The European Union is sending a medical team – the European Medical Corps or EMC – to Angola to help the country tackle the recent outbreak of yellow fever. Since December last year, 260 people have succumbed to yellow fever in Angola and a total of 2000 cases have been reported. Commissioner for Humanitarian Aid and Crisis Management, Christos Stylianides, commented regarding the outbreak of yellow fever in the West African country that the EU had taken lessons from the Ebola crisis.
Mr. Stylianides said that “Today, we are deploying a first team of public health experts as part of the European Medical Corps. They will complement the efforts of the Angolan government and work closely with the World Health Organization and other international partners on the ground to deal with the yellow fever outbreak. Together we can understand it better and stop it faster.” The EMC was established in February this year with the aim to create capacity in the EU to deal with health emergencies. The founding of the EMC was mostly triggered by the Ebola crisis in Western Africa.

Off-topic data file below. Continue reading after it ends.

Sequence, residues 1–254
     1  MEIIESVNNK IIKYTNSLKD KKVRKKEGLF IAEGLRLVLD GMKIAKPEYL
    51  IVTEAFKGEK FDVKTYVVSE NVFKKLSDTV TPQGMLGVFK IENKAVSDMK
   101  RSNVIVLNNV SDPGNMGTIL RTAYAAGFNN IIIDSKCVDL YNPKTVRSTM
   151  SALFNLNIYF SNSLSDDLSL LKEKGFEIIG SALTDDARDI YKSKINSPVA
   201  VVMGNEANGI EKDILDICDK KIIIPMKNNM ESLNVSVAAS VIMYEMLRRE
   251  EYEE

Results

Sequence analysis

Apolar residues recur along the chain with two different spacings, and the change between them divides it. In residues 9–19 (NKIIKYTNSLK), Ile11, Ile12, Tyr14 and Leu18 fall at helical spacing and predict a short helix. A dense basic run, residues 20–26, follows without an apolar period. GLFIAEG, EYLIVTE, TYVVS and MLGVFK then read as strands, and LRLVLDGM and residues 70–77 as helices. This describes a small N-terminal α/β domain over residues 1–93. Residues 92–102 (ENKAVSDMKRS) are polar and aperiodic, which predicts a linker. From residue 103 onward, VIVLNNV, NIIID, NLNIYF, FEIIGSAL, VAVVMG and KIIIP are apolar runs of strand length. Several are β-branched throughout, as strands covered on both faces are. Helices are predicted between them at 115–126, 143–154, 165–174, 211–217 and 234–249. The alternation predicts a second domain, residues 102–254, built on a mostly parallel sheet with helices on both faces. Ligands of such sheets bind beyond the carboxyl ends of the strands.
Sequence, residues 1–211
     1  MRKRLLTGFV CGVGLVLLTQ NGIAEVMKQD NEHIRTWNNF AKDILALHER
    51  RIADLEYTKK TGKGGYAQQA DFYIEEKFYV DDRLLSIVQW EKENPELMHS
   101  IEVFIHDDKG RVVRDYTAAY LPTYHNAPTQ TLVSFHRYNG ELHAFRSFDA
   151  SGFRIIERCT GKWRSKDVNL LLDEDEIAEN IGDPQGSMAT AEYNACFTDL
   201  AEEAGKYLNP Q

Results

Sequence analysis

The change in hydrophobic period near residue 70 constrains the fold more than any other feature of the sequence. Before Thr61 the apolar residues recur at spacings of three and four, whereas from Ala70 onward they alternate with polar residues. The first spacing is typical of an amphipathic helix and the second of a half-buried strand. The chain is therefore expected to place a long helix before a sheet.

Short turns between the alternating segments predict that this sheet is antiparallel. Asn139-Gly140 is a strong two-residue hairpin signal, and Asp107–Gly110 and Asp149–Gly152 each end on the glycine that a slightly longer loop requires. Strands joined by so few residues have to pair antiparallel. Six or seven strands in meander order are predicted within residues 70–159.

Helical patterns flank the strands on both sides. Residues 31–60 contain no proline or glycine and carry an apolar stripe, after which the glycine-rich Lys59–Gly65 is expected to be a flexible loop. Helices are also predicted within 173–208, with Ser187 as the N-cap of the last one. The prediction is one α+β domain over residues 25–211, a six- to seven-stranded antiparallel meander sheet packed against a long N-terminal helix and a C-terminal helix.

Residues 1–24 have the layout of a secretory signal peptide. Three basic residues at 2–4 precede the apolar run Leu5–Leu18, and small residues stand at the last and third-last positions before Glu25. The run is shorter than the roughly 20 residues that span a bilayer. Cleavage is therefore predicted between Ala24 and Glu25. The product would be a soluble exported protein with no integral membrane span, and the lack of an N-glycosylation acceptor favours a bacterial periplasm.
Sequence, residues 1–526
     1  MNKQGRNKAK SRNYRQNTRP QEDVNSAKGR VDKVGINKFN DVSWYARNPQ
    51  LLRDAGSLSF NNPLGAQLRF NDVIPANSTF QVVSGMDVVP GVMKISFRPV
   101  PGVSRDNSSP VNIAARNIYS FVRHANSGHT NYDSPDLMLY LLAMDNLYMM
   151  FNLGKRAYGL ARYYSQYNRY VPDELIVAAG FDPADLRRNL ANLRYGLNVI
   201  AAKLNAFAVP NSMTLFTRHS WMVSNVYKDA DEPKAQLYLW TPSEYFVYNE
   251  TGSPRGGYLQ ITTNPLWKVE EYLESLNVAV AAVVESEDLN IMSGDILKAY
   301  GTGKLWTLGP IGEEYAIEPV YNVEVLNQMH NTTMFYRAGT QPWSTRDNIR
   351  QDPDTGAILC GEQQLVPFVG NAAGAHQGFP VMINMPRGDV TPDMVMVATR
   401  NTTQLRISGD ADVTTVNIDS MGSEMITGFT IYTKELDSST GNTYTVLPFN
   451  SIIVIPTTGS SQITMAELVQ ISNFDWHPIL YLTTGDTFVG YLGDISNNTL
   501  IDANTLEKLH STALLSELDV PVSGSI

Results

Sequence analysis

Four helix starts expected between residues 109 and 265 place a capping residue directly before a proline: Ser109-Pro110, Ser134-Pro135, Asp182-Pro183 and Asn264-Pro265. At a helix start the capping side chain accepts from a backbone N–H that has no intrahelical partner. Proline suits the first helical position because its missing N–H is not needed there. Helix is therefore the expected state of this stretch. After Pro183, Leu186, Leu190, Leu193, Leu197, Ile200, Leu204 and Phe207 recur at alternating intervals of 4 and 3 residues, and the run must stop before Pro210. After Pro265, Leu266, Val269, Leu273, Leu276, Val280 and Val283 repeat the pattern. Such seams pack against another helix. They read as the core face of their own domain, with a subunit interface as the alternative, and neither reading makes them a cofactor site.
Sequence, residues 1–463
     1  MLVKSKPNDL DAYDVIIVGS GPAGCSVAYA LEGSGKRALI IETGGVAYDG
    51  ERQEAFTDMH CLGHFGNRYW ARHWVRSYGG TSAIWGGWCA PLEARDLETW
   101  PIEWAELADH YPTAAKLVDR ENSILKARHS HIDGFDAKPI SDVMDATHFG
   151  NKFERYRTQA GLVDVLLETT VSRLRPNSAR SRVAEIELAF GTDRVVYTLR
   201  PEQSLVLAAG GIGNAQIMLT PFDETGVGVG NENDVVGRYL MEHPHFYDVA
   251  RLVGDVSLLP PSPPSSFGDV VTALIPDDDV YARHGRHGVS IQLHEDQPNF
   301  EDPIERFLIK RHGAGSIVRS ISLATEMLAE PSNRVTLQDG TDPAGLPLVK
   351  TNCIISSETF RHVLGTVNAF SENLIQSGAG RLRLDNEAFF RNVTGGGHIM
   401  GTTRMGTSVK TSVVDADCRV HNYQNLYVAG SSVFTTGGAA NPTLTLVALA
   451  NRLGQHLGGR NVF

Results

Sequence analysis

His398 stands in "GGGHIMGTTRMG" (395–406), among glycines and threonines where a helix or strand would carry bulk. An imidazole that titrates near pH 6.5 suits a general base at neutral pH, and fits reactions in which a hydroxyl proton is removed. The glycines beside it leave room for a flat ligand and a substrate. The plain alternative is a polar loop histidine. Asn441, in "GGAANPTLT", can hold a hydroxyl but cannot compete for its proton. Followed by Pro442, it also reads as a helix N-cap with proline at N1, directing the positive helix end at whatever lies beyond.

The mission in Angola will be the team’s first ever deployment and it will consist of experts from Germany, Portugal and Belgium. The two-week mission will investigate the reasons behind the outbreak of the disease and assess the risk of spreading to other countries. The team will also look into the implications for European travellers in Angola and those returning to the EU. Some of the Angolan cases are believed to have spread to Kenya, DR Congo, Mauretania and China. Yellow fever is an acute viral hemorrhagic disease. There is a vaccination but no cure. The World Health Organization reported that about one fourth of Angola’s 24 million population has been vaccinated.